New tax laws to hit the likes of Arctic

Just 24 hours after the Lords approved a tax reduction scheme used by thousands of 'husband and wife' businesses the government announced plans to call it in.

Legislation to head off income-splitting used by Arctic Systems, and thousands of other businesses run by married couples, will be brought forward to nullify the tax advantage.

In a statement on Thursday, the exchequer secretary to the Treasury added that individuals involved in such arrangements should pay tax on what is, in substance, their own income.

It said: "This case [Jones V Garnett] has brought to light the need for the government to ensure that there is greater clarity in the law regarding the tax treatment of 'income-splitting' arrangements, which are used by some taxpayers to achieve an unfair advantage over others."

On the night of the Lords' verdict, CUK reported it was "very unlikely" that the government would accept the judgement from Britain's highest court, which found in favour of the taxpayer.

Anne Redston, spokesperson for the CIOT, who has advised Arctic Systems, warned any new rules for husband and wife companies would be difficult to frame.

The legislation would have to specify how many hours a spouse works in the business, and state whether working in IT would have different tax implications to working in administration.

She added: "If HMRC bring in new rules, they will have to look at the question of which husband and wife businesses are they really going to attack, and on what grounds, and what evidence are they going to need?

"They may wish to change the law but it would be very difficult. Secondly, if they do wish to do it [legislate], it is absolutely imperative that they consult."

Besides the technical difficulties of legislating against income-splitting, or against the exemption that allows husband and wives to make each other an outright gift, the move has been attacked for political reasons.

David Ramsden, chairman of the PCG, which supported Arctic Systems in its four-year battle, said: "When husbands and wives began to be taxed independently in the 1980s, it was always intended that they should be encouraged to go into business together in this way.

"We question why the government suddenly wishes to jeopardise the UK's vibrant small business sector by reversing this well-established policy."

Mr Ramsden also expressed dismay at the prospect of new legislation, particularly since the taxman had consistently denied that the Arctic Systems case was a 'test case.'

He asked: "If it did not test any significant new point of law, why does the law suddenly need changing?

"And if the law needs changing, why did the government not just do that to begin with, instead of chasing Geoff and Diana Jones to the House of Lords?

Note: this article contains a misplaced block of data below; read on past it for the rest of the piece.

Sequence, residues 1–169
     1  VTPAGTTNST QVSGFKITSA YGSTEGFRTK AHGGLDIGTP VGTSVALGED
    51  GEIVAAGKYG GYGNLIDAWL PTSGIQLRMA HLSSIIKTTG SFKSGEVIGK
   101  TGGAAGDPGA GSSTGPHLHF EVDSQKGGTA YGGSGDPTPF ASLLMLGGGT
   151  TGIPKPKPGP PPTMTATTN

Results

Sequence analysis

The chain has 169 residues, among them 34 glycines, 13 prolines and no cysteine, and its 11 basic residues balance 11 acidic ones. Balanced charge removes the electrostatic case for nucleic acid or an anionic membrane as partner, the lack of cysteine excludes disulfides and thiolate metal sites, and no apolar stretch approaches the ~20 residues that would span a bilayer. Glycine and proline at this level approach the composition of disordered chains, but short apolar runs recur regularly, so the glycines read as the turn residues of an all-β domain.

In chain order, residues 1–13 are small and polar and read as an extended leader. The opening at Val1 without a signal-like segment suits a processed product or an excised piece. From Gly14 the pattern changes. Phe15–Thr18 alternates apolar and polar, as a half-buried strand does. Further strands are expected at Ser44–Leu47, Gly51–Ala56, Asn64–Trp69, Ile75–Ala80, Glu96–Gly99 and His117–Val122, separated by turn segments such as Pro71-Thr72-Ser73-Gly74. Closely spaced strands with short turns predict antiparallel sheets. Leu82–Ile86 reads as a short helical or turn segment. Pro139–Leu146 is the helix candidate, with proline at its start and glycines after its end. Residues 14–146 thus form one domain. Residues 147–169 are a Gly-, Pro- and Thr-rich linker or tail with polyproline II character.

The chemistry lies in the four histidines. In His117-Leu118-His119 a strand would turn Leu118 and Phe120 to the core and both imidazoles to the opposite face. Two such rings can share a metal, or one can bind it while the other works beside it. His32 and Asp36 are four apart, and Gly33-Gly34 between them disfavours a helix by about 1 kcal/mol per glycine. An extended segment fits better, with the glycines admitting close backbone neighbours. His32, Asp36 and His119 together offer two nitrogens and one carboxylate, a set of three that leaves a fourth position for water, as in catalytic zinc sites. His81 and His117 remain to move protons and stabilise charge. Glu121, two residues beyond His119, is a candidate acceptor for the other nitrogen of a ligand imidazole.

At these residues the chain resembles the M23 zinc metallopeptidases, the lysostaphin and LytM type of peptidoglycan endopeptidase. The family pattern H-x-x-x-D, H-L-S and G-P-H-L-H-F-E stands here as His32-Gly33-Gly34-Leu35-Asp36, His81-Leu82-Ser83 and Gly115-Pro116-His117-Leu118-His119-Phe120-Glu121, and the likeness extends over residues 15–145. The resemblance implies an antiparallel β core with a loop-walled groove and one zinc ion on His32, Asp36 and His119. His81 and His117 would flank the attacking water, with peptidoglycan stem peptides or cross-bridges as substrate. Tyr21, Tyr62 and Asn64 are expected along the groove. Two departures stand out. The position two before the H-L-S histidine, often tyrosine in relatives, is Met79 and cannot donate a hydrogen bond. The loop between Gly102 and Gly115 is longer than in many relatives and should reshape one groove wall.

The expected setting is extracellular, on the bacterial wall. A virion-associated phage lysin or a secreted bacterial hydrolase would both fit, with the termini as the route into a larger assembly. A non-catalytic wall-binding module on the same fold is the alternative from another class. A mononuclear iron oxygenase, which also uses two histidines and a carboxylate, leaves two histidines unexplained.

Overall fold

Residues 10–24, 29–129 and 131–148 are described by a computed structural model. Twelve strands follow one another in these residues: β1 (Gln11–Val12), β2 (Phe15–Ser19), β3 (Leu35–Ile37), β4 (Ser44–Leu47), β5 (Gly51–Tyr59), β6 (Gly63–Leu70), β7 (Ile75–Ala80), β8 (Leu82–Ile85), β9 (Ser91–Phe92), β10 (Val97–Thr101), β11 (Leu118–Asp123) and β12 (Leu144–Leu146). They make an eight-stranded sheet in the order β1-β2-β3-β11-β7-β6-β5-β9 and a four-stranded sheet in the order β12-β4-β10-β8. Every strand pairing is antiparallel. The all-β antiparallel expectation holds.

Ms Redston echoed his view, saying the fair way to change the rules governing the tax practice of 'husband and wife' businesses would be to openly legislate.

Chartered accountant PKF cautioned that any attempt to legislate the tax affairs of family-run firms would undermine the government's pledge that it is a champion of enterprise.

The taxman's "next move is likely to be a push for changes to legislation to prevent all small company owners using what is a long-standing practice to their advantage," said Peter Penneycard, PKF's national director of tax.

He added: "Unfortunately, while HMRC may increase their tax take, this is likely to make starting a new business less attractive and damage entrepreneurial spirit within the UK

"There is clearly a justification for reviewing this area of tax but it is impossible to look at it in isolation; it is time for a complete overhaul of the small business tax regime so that there are sufficient incentives for people to take what can be a major gamble while ensuring the state receives a fair level of tax. Shut down all the incentives and there's no point taking the risk of starting a new business."

Francesca Lagerberg, of the ICAEW's Tax Faculty, said: "The government is looking to review situations where family members are involved together in a business.

"It appears that the tax authorities will seek to separate out 'commercial' situations from those where it believes dividends are being passed to lower rate taxpayers primarily to keep down the tax bill.

"The reality is that most businesses do not fall into such neat categories. There is a danger that rushed legislation will result in unworkable legislation, plunging thousands of taxpayers into yet more uncertainty about their tax position.

"There is no 'quick fix' formula that we think could work. There is now an urgent need for full and detailed consideration of the small business tax regime, which should include a detailed understanding of the businesses and the issues involved and full consultation, which should be completed before any measures are announced."

The move to legislate fuels suspicion that Gordon Brown, who has populated the Business Council of Britain with big-business owners, unveiled anti-avoidance laws for MSCs and increased the SCR, is keen on firms only if they grow and create jobs.


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